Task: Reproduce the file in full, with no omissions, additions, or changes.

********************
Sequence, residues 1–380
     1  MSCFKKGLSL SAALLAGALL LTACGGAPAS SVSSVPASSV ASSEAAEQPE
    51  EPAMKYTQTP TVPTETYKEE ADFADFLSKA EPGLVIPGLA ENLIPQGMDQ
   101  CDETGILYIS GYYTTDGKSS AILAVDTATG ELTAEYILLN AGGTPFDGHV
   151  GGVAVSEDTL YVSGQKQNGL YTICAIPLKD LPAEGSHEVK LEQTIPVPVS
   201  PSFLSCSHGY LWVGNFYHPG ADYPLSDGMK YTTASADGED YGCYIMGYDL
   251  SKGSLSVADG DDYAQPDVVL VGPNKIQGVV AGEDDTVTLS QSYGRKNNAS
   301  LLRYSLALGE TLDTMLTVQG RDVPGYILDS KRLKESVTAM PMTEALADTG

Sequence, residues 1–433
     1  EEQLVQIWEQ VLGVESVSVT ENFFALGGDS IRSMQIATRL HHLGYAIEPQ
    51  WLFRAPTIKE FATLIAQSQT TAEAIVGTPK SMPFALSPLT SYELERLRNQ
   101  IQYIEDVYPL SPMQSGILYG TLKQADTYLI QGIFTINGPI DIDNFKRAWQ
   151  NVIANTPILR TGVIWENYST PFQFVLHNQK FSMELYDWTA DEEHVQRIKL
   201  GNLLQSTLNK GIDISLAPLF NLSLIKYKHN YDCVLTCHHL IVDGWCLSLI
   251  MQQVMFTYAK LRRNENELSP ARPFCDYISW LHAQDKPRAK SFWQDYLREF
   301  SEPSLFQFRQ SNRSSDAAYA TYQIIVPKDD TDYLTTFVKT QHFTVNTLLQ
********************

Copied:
Sequence, residues 1–380
     1  MSCFKKGLSL SAALLAGALL LTACGGAPAS SVSSVPASSV ASSEAAEQPE
    51  EPAMKYTQTP TVPTETYKEE ADFADFLSKA EPGLVIPGLA ENLIPQGMDQ
   101  CDETGILYIS GYYTTDGKSS AILAVDTATG ELTAEYILLN AGGTPFDGHV
   151  GGVAVSEDTL YVSGQKQNGL YTICAIPLKD LPAEGSHEVK LEQTIPVPVS
   201  PSFLSCSHGY LWVGNFYHPG ADYPLSDGMK YTTASADGED YGCYIMGYDL
   251  SKGSLSVADG DDYAQPDVVL VGPNKIQGVV AGEDDTVTLS QSYGRKNNAS
   301  LLRYSLALGE TLDTMLTVQG RDVPGYILDS KRLKESVTAM PMTEALADTG

Sequence, residues 1–433
     1  EEQLVQIWEQ VLGVESVSVT ENFFALGGDS IRSMQIATRL HHLGYAIEPQ
    51  WLFRAPTIKE FATLIAQSQT TAEAIVGTPK SMPFALSPLT SYELERLRNQ
   101  IQYIEDVYPL SPMQSGILYG TLKQADTYLI QGIFTINGPI DIDNFKRAWQ
   151  NVIANTPILR TGVIWENYST PFQFVLHNQK FSMELYDWTA DEEHVQRIKL
   201  GNLLQSTLNK GIDISLAPLF NLSLIKYKHN YDCVLTCHHL IVDGWCLSLI
   251  MQQVMFTYAK LRRNENELSP ARPFCDYISW LHAQDKPRAK SFWQDYLREF
   301  SEPSLFQFRQ SNRSSDAAYA TYQIIVPKDD TDYLTTFVKT QHFTVNTLLQ